3 years ago

50 Years of Research in ARDS. Tidal Volume Selection in the Acute Respiratory Distress Syndrome.

Mechanical ventilation (MV) is critical in the management of many patients with the acute respiratory distress syndrome (ARDS). However, MV can also cause ventilator-induced lung injury (VILI). The selection of an appropriate tidal volume is an essential part of a lung-protective MV strategy. Since the publication of a large randomized clinical trial demonstrating the benefit of lower tidal volumes, the use of tidal volumes of 6 mL/kg predicted body weight (PBW, based on sex and height) has been recommended in clinical practice guidelines. However, the PBW approach is imperfect in ARDS patients because the amount of aerated lung varies considerably due to differences in inflammation, consolidation, flooding, and atelectasis. Better approaches to setting tidal volume may include limits on end-inspiratory transpulmonary pressure, lung strain, and driving pressure. The limits of lowering tidal volume have not yet been established, and some patients may benefit from tidal volumes that are lower than those in current use. However, lowering tidal volumes may result in respiratory acidosis. Tactics to reduce respiratory acidosis include reductions in ventilation circuit dead space, increases in respiratory rate, higher positive end-expiratory pressures (PEEP) in patients who recruit lung in response to PEEP, recruitment maneuvers, and prone positioning. Mechanical adjuncts such as extracorporeal carbon dioxide removal may be useful to normalize pH and carbon dioxide levels, but further studies will be necessary to demonstrate benefit with this technology.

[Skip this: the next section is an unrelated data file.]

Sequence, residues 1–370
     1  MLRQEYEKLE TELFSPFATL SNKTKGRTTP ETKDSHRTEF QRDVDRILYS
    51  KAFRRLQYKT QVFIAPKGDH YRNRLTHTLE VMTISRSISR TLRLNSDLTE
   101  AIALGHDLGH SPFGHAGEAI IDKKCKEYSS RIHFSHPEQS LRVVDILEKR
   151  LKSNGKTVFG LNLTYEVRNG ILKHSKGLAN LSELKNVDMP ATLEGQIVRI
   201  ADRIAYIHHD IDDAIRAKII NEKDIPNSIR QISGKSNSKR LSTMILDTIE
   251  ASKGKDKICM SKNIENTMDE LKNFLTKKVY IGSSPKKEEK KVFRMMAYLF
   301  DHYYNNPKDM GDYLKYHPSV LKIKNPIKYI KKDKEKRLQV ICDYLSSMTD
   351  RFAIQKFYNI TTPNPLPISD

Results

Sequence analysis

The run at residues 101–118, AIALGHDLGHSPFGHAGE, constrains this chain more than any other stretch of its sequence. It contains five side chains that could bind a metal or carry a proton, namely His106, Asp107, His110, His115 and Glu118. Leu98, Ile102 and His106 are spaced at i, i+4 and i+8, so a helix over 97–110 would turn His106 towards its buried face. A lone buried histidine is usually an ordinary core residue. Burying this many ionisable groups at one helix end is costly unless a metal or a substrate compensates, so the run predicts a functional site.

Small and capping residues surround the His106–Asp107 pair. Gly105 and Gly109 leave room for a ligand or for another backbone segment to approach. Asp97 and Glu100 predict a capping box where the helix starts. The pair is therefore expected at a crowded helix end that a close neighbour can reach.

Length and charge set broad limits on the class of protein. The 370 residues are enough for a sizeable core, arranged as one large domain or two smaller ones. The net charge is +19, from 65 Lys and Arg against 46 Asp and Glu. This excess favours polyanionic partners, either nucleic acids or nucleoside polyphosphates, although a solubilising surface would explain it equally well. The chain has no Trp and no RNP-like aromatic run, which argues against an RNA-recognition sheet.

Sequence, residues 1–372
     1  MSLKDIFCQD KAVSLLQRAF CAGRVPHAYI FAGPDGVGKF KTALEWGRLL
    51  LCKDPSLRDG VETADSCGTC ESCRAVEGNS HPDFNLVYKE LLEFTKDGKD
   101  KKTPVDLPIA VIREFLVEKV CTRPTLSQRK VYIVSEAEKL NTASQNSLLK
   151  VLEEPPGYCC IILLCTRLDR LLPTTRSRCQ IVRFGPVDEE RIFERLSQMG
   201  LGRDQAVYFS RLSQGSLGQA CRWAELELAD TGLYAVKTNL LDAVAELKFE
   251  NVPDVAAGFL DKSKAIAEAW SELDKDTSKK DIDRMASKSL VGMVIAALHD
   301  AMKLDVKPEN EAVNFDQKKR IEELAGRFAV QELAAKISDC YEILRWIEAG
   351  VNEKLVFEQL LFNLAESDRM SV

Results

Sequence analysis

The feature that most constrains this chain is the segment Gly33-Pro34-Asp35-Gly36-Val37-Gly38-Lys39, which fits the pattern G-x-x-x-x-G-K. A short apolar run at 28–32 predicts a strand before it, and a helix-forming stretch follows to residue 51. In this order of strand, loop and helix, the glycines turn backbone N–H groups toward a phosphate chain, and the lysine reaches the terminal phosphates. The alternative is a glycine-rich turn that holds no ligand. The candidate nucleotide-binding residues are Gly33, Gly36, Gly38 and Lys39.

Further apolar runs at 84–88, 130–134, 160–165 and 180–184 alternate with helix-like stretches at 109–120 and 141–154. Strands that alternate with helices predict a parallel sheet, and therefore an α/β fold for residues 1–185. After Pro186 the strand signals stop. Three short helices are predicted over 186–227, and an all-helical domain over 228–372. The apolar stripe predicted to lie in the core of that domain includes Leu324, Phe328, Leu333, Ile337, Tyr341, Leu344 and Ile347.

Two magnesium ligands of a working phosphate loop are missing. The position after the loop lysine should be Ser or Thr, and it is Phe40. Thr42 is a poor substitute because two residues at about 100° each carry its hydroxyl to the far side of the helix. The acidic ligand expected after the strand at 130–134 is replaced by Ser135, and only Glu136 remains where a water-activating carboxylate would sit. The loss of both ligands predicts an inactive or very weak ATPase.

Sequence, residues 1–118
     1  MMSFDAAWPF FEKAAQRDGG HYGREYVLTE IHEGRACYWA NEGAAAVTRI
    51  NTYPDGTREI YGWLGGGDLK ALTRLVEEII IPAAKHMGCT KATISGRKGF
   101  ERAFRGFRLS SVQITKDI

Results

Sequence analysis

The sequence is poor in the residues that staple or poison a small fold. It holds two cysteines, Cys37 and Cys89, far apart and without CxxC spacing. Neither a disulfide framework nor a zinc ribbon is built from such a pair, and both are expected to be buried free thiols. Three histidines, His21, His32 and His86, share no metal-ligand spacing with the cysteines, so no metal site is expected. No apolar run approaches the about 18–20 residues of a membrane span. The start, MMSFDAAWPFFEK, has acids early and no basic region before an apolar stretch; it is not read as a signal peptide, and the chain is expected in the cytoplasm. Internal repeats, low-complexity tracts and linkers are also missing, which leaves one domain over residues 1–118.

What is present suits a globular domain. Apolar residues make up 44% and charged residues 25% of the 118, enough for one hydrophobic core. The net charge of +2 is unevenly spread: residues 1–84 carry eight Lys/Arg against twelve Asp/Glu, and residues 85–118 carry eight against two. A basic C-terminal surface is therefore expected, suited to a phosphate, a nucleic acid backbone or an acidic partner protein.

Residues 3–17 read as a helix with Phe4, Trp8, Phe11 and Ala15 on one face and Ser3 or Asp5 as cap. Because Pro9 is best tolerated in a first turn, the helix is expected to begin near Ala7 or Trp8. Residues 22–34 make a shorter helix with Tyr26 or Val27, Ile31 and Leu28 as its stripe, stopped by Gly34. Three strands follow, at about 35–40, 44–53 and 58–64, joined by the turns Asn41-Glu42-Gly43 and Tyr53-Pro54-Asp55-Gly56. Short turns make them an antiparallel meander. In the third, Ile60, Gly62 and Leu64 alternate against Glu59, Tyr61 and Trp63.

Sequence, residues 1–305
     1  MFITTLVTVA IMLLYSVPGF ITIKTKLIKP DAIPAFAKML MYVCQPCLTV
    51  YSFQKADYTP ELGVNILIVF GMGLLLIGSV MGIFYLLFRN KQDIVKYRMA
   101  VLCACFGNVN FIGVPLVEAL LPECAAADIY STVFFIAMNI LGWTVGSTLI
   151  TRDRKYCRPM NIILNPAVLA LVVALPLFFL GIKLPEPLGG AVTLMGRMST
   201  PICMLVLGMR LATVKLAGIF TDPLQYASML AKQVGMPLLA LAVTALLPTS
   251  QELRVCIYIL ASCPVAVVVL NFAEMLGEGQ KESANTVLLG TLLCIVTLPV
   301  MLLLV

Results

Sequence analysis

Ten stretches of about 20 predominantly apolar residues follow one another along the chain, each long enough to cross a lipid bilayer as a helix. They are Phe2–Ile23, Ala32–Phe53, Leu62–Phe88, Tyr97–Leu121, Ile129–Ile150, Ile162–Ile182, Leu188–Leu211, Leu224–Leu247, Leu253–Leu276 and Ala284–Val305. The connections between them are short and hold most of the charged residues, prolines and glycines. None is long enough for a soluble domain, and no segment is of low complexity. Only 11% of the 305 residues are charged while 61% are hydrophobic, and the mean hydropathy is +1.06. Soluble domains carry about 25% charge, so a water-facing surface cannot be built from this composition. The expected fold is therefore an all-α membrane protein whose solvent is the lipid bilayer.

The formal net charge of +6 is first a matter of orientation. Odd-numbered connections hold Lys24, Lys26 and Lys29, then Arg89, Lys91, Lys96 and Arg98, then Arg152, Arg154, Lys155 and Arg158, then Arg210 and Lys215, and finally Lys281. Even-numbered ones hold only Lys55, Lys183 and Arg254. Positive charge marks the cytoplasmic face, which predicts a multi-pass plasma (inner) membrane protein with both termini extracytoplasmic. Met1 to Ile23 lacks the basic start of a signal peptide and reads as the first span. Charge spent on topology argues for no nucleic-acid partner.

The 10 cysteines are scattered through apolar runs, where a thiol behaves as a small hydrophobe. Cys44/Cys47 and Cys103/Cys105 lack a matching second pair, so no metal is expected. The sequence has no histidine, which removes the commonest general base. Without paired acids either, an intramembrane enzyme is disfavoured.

Publisher URL: http://doi.org/10.1164/rccm.201708-1629CI

DOI: 10.1164/rccm.201708-1629CI

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